5. A two stage coffee plunger according to claim 4, wherein the wall of said filter shaft is provided with a substantially vertical slot and said baffle shaft is provided with a projection adapted to traverse the length of the slot in response to said shafts being axially displaced with respect to each other, the wall of said filter shaft being further provided with a branch slot in communication with said vertical slot, said branch slot being adapted to receive said projection and thereby axially fix said shafts with respect to each other.
6. A two stage coffee plunger according to claim 4, further comprising, said baffle shaft having a rotational axis and a longitudinal axis, said baffle shaft being mounted concentrically within the filter shaft wherein said retaining means comprise an inwardly protruding projection disposed on said filter shaft, said protrusion providing a point of reduced internal cross section in said filter shaft, said baffle shaft being provided with a cross section such that at a first rotational position about said longitudinal axis of said baffle shaft, said baffle shaft interferes with said protrusion thereby preventing axial displacement of said baffle shaft with respect to said filler shaft and at a second rotational position about said rotational axis said baffle shaft is free to be axially displaced with respect to said filter shall.
7. A two stage coffee plunger according to claim 3, wherein the baffle is a circular disk provided with apertures.
8. A two stage coffee plunger according to claim 2, provided with a removable lid, and wherein the baffle is fixed with respect to the lid via a vertical baffle shaft.
9. A coffee plunger comprising a vessel having a tubular side wall and a bottom wall, a plunger filter comprising a filter element which permits passage of liquid while substantially preventing passage of coffee grounds, a shaft extending out of the vessel and adapted to drive the filter element from an upper part of the vessel towards the bottom wall, a baffle independent of the filter element and moveable vertically between the filter element and the bottom wall, and means operable from outside the vessel for moving the baffle independently from the filter element.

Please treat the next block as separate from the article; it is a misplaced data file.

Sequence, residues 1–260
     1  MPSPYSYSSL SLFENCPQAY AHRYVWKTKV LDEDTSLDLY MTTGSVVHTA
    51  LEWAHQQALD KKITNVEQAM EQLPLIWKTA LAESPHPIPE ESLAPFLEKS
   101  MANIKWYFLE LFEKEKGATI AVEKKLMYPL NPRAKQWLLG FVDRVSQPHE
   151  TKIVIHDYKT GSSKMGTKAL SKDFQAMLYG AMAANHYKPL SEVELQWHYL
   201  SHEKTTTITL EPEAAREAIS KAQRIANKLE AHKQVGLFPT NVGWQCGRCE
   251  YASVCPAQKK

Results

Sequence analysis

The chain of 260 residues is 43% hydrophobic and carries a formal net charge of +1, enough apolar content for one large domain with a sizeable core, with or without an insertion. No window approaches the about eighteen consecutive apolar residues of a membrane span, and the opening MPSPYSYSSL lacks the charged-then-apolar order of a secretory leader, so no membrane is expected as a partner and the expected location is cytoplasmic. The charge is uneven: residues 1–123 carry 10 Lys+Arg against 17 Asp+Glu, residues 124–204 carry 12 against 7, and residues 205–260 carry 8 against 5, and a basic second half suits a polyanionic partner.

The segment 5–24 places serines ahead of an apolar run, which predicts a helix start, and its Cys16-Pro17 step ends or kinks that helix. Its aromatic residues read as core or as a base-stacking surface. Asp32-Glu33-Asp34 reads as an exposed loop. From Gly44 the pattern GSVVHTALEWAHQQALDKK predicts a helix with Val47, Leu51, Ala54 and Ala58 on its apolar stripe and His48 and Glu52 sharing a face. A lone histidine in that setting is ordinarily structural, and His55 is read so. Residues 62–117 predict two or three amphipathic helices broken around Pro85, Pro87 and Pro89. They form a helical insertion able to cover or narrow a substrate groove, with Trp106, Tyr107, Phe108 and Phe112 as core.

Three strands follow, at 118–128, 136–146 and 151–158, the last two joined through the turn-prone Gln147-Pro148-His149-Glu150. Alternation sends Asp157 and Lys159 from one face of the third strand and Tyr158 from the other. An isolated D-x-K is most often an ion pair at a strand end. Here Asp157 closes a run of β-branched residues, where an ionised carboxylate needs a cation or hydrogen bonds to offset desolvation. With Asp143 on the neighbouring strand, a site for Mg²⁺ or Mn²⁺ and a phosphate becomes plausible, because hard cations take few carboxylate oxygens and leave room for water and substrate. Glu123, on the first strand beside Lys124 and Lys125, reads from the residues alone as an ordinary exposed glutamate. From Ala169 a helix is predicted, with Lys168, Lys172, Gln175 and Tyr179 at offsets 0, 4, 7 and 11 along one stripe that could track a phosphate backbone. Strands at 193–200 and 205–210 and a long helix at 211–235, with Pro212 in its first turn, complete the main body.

Description
TECHNICAL FIELD

This invention relates to apparatus for brewing coffee and more particularly to an improved plunger filter apparatus.

BACKGROUND ART

A typical plunger filter apparatus of the kind under discussion comprises a vessel and a plunger assembly including a filter element. The vessel is usually of glass having a cylindrical side wall and a bottom wall. The plunger assembly comprises a perforated disc, a filter element, a spider plate and a plunger shaft. The perforated disc is adapted at its periphery to slidably and sealingly engage the cylindrical side wall of the vessel and acts as a support for the filter element. The filter element is for example a mesh which is clamped between the disc and the spider plate and is of a mesh size which permits passage of liquid but substantially prevents passage of coffee grounds. The spider plate has an inner ring, an outer ring and for example three legs extending between the rings and acts as an upper retaining member for the filter element so that in use the filter is not excessively distorted or weakened. The shaft extends axially from outside the vessel successively through apertures in the lid, spider plate, filter element and threadably engages a boss of the perforated supporting disc. As the shaft is screwed into the boss, a shoulder of the shaft exerts a clamping force on the filter element between the upper spider plate and lower perforated disk.